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25 January 2015

Greece: the `1789’ moment - but via the ballot box rather than guillotine

The exit polls are predicting an upheaval though the precise magnitude will only become clear as election results are declared formally. But Syriza should be able to govern adequately.

The exit polls are predicting an upheaval though the precise magnitude will only become clear as election results are declared formally. It may yet be that Syriza has not won an outright majority in the 300-seat Parliament. Nonetheless, the people have spoken clearly and broken the mould of the ancient regime.

At the moment of writing, the projections are that Syrizia will only get 150 seats - precisely half the number of seats in the Parliament, so short of a absolute majority. Providing party discipline can be maintained, what are the realistic chances of all the other MPs combining to block Syriza actions? Quite small - after considering the huge array of political views likely to be represented in the Parliament. In practice, Syriza should be able to govern adequately.

What EU policy events will happen next? 

  • Grexit risk will be swiftly and comprehensively dismissed – much to the chagrin of the British media. There appears to be no planning for Grexit: formally it would require a Treaty change – with all the delays and uncertainties that would leave the Greek banking system totally vulnerable to a ruinous run on deposits. Grexit could be achieved by leaving the EU – which would be quick. However, re-applying for membership could turn out to be a very lengthy process during which time Greece would be cut off from all EU funding via agricultural payments, structural funds, EIB loans etc. Further loan disbursements would stop and formal default would seem inevitable. These options are so unappetising that another route seems certain and Commissioner Moscovici has already said that planning has been done by the EU for many scenarios.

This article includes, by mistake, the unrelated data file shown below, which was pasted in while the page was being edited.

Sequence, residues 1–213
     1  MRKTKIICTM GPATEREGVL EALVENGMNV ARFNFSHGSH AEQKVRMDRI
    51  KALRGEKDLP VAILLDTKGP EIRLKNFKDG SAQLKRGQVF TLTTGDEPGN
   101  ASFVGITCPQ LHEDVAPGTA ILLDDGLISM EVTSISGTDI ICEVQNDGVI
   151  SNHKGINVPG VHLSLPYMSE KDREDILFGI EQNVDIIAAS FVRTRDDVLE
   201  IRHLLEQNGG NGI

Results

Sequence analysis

• Few observers seem aware of the scale of the debt relief already granted by the EU. To re-state my comments of last week: “The European Commission’s Autumn Forecast was very positive about the outlook for Greece. In 2016, Greece is expected to grow twice as fast as the euro area average, and its 3.7% growth would put it level pegging with Ireland as the top-performing economy. Employment would rise sharply and the unemployment rate fall from 27% last year to 22%. Correspondingly, the public debt ratio would fall from 175% of GDP to about 160%; hardly any borrowing from the rest of the world would be needed and the budget would be close to balance. Moreover, investment is set to boom. The government that can claim ownership of such a turnaround would earn great plaudits from the electors as `austerity’ would indeed have ended.

Cutting the annual cost of servicing the debt: Public debt interest charges peaked in 2011 at 7.3% of GDP and fell to 4.3% last year. With little fanfare, the EU has already extended the maturity of it loans from the EFSF to an average of 32 years; at an interest rate of 1.5% (basically the EFSF’s borrowing cost); and given a 10 year moratorium on interest payments. As EFSF CEO Klaus Regling put it, these policies produce “annual budget savings of €8.5 billion per year, or the equivalent of 4.5% of Greek GDP - year after year. Consequently, there is no debt overhang in Greece over the next 10-20 years, despite very high debt to GDP ratios.” As this feeds through fully, debt interest in 2016 should fall to 4.0% of GDP. Plenty of opportunity to declare `victory'.